The Development Of the English Language Through the Ages

The Development Of the English Language Through the Ages

Dictionaries and the Development of the English language

Did you know that the word “nice” originally meant “stupid”? Or that “decimate” used to mean “to kill one in every 10”? The development of the English language keeps evolving , and  we don’t even realize it.  Anne Curzan, professor of English at the University of Michigan, studies how the English language works and how it has changed over time. In her TED Talk, she explains how various words have developed and what makes a word “real”.

People usually think a word is real when it appears in the dictionary. However, most slang words don’t, even though they fill important gaps in the English language. Curzan notes that dictionaries are not timeless since words and languages change all the time. For example, if you wanted to write a business letter, would you use a dictionary from 1910? Probably not. You would use a recent dictionary. And why? Because we usually don’t use the terms any more that have been used 100 years ago, since language is constantly developing.


Languages back then

Curzan gives interesting examples during her speech. In 1875, Dean Henry Alford said that “desirability” is a terrible word. In 1760, Benjamin Franklin complained about the word “colonize”. However, today, these words appear in every dictionary and no one doubts their validity.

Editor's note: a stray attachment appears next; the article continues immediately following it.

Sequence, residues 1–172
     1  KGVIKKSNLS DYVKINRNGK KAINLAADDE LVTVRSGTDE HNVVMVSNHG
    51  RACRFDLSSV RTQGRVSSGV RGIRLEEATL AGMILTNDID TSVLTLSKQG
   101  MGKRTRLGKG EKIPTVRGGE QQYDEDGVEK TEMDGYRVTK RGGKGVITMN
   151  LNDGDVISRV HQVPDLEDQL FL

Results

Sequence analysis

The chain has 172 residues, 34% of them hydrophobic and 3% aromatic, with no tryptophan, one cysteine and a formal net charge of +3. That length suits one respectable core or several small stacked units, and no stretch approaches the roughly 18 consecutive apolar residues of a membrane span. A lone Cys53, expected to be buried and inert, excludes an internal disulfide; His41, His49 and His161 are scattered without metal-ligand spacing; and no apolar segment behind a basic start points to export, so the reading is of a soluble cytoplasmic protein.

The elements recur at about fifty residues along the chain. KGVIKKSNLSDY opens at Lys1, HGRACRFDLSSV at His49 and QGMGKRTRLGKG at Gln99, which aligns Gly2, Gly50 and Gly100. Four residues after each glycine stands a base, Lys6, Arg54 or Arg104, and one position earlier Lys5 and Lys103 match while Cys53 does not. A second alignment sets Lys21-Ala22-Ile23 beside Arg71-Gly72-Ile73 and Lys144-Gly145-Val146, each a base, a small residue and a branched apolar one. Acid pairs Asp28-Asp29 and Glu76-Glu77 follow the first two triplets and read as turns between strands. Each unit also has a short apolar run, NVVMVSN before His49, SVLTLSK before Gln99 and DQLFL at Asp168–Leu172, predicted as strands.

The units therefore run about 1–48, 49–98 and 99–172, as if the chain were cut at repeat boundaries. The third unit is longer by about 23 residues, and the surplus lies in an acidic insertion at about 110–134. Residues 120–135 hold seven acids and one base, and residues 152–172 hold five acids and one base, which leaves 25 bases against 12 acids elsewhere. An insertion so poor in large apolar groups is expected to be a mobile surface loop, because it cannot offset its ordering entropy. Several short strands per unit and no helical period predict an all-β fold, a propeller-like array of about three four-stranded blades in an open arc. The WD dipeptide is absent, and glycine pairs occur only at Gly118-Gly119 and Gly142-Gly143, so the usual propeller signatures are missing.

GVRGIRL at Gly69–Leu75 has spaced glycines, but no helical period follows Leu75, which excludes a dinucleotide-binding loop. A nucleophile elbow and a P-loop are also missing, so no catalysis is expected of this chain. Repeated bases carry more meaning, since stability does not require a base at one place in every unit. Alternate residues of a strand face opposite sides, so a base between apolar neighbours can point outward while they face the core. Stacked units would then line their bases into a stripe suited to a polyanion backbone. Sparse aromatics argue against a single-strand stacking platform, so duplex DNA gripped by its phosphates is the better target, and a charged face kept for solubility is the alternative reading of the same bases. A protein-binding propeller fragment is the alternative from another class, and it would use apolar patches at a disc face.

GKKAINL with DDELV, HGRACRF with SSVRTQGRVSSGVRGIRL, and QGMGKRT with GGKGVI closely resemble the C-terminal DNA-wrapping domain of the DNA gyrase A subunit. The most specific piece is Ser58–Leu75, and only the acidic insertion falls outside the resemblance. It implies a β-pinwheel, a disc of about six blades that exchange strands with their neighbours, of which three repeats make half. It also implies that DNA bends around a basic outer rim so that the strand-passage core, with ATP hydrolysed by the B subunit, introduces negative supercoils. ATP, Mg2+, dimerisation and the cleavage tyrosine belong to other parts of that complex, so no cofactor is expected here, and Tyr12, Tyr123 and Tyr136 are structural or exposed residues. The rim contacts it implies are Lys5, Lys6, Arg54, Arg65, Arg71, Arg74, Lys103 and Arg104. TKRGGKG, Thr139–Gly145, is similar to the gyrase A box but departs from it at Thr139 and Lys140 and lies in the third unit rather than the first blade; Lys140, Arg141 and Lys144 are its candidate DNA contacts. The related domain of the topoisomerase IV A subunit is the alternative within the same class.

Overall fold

Many words develop from other languages as well. In Germany for example, people use a lot of English loan words and sometimes mix both the German and English language to create new ones. These words may sound English, but English native speaker wouldn’t understand them. “Handy” is the German word for “cellphone” and a “Showmaster” is a TV host. Germans also transform English words by using a suffix. They say for example “etwas auf Facebook posten” (to post something on Facebook).


Development of languages in the future

The process of how a language develops is interesting, fun, and can give you a good insight into the history of that given language. It is also interesting to see which groups of people use or even “create” “new” words, and how these words develop. Each year, more and more words enter a language, because people tend to create new words by trying to find different ways to express concepts. In Germany, for example, people create new words by using compound words. An example Anne Curzan uses in her Ted Talk is “hangry”: when you are cranky or angry because you are hungry. Oftentimes these “new” words are “created” and used by a particular groups. For example, you wouldn’t hear older generations use the word “hangry”, but you do hear young people using it more frequently.


Dictionaries vs. language development

Dictionaries are helpful, but the definitions they give should not always be seen as “the one and only” meaning of the word. Languages are developing all the time and the meaning of a word can change over the course of 100 years. A word becomes real when people use it in their daily communication. And how does a word get into the dictionary? When people keep using it. And what makes a word “real” (for most people)? When it appears in the dictionary.


What do you think about the development of languages? Do you find it interesting or should slang terms not appear in the dictionary? Leave a comment on our Facebook page.

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